8 Power and Institutional Theory

Stijn Masschelein

Economic theory and institutional theory

Institutional theorists start from the observation that a lot of organisations have a very similar hierarchical structure (DiMaggio and Powell, 1983). There is one CEO on top, supported by an executive team. There is division of labor in different business unit based on products or geography. A lot of these similarities are further formalised in bureaucratic systems such as budgets, hiring, compensation and promotion policies, company handbooks, or job guidelines. The similarities are also expressed in norms and expectations in different professional fields. For instance, traditional professional business are more likely to expect their employees and especially their executives to wear formal business attire while business in the technology industry are more likely to accept business casual attire. The argument from institutional theory is that these practices, policies, and expectations are not necessarily the result of organisations being forced to be more efficient but the result of copying what other, similar organisations are doing.

In the previous chapters (transaction cost economics, specific knowledge, agency theory, and promotions and subjective performance evaluation), I have implicitly assumed that organisations either deliberately choose formal systems and develop norms that work best for their specific circumstances or that they are forced to adopt those norms because they feel pressure from capital markets. Banks, shareholders, venture capitalists and other capital providers ask a price (interest, dividend, buy-backs) for their investment. If the capital market believes that the firm is not sufficiently adapted to its competitive environment, they will ask a higher price for investments to cover the risk that the firm decreases in value or goes out of business. The capital market can even decide to withdraw its investments from the firm. If a company does not adapt to its competitive environment it will get a signal from the capital market that something has to change. As a result, firms in the same competitive environment will be similar to each other.

However, institutional theorists argue that this is not enough to explain all the similarities between organisations (DiMaggio and Powell, 1983). In times of uncertainty and unpredictability, humans and organisations have a tendency to look for stability and structure. Stability in this sense simply means that the organisation survives in a similar form as it was before. Thus, the need for stability leads to the introduction of a formal hierarchy with levels of decision making and clear role descriptions for every individual and business unit. This formal hierarchy will only remain stable if making changes to the hierarchy needs to be approved by the hierarchy through bureaucratic rules that determine how the role descriptions and levels of decision making can be changed. These bureaucratic rules will also determine what the appropriate lines of communications are in the organisation so that all decisions receive the correct approval. In this view, accounting and control systems are the means by which organisations maintain stability and the survival of the organisation. [1]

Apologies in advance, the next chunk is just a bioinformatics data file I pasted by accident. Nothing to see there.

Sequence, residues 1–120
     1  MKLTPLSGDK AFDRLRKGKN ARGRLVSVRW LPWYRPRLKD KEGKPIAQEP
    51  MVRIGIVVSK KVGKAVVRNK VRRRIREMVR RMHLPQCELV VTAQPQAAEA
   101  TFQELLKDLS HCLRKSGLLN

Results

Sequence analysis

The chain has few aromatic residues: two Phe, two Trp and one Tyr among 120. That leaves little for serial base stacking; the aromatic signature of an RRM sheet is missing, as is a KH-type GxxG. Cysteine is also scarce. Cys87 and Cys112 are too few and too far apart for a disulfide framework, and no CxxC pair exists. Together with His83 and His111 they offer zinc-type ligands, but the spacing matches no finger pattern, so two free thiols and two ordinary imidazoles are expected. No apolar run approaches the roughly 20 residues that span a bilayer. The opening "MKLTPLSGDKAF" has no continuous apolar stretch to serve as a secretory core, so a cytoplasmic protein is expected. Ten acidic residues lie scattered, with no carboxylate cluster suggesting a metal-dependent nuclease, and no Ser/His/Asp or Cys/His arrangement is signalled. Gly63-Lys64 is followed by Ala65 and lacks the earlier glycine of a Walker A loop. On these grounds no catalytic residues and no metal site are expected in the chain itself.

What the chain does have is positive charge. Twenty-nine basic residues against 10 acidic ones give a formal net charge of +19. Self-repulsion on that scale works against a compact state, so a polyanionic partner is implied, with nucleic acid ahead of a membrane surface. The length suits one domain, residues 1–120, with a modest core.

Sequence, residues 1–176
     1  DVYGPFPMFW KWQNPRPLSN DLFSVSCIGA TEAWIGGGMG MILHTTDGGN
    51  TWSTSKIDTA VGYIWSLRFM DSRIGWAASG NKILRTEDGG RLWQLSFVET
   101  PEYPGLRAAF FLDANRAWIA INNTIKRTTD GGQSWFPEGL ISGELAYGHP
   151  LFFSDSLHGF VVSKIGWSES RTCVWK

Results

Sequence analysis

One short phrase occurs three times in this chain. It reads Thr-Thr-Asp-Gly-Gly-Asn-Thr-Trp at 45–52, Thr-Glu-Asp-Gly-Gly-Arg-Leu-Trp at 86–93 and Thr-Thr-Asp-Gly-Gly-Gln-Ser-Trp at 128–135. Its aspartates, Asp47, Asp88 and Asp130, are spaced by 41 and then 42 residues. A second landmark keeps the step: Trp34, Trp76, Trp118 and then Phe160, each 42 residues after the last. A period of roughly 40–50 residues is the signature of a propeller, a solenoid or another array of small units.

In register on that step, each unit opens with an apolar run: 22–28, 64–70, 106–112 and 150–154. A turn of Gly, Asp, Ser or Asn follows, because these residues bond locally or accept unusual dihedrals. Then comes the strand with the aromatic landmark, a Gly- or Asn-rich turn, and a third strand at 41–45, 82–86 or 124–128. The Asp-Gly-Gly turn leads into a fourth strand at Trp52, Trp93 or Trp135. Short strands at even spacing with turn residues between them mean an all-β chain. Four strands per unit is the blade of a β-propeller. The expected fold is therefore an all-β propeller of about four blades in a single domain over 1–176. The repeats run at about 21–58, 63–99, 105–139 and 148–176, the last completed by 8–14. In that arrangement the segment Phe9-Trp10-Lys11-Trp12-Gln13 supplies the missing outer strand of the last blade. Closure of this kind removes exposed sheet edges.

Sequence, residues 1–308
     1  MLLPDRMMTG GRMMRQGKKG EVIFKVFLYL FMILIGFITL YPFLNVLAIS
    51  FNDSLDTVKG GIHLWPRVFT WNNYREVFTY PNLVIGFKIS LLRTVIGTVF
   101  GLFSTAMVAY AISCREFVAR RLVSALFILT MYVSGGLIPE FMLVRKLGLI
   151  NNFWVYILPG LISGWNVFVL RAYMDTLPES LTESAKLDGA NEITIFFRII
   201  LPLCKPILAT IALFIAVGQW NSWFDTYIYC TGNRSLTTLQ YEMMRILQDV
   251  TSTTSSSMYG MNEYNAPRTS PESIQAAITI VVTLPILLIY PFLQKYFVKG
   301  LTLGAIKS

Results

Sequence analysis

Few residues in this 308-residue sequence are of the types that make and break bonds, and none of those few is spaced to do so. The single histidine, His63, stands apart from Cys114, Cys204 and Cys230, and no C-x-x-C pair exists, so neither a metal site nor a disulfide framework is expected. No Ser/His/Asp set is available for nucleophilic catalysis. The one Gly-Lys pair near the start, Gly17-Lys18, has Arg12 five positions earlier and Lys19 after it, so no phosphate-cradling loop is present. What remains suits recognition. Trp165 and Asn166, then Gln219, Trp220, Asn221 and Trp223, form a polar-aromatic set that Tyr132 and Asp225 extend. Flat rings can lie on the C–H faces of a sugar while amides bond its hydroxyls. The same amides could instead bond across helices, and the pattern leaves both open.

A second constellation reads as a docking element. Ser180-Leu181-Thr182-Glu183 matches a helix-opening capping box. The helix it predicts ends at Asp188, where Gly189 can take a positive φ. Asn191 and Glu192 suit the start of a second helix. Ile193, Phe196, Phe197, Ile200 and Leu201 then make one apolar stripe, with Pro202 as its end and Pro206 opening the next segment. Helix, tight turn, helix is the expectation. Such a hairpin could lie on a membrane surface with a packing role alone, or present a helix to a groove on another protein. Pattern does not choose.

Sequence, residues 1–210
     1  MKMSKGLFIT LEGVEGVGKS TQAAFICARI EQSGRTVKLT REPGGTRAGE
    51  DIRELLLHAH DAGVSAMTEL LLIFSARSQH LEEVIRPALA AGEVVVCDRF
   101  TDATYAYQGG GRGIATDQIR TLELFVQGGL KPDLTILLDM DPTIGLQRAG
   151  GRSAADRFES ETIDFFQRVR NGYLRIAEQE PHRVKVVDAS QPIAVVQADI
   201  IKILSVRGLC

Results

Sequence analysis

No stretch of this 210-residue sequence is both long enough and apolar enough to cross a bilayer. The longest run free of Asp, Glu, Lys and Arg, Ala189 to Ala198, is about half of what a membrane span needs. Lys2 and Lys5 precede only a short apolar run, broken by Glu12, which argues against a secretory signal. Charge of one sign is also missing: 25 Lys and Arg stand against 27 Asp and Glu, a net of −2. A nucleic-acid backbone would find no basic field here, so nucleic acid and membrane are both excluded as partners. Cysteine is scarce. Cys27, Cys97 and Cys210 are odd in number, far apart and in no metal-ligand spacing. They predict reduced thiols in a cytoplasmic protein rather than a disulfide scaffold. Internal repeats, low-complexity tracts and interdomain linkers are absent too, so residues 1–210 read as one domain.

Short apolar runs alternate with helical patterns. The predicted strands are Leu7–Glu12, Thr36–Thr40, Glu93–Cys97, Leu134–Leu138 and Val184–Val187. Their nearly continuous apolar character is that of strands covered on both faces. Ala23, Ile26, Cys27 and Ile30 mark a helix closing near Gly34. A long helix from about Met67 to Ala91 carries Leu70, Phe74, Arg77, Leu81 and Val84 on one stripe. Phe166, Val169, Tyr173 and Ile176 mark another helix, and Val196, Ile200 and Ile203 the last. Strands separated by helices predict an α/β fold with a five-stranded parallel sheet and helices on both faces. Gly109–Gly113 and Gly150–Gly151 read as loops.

As a result of this process permanent structures arise which can be organisations (for-profit and not for-profit, financial and product markets), communication channels (consultants and universities), and governance systems (government and private regulation). If these permanent structures become important and stable enough they are sometimes called institutions and as we will see in the next section, they can have the power to shape their environment and other organisations.

Institutions shape the environment

In the economic theories I have discussed before, organisations always respond to their environment. They will adapt to price changes in markets, changes in customer demand, or changes in technology. Institutional theory argues that some institutions do not have to respond to the environment by adaptation but that they can change the environment themselves. A specific example is that some firms do not have to accept the market price, but can set the price for their own products [2].

Institutions can become influential in three different ways. Some institutions take decisions that influence a large number of other organisations. If Google changes its search algorithm, this has an impact on all organisations and individuals who use their website to generate an income. If Microsoft Windows changes its operating system both hardware and software developers for Windows have to make changes to their product. Similarly, governmental decisions on environmental regulation have an impact on the whole economy of a country. This is not to say that it is either good or bad that one institution has such an influence but it is hardly disputable that in a lot of fields one institution can set the direction for the whole field. If this is the case, the dependent organisations  have to conform to the powerful institution. Economic efficiency will only be a secondary consideration because survival primarily depends on the powerful institution.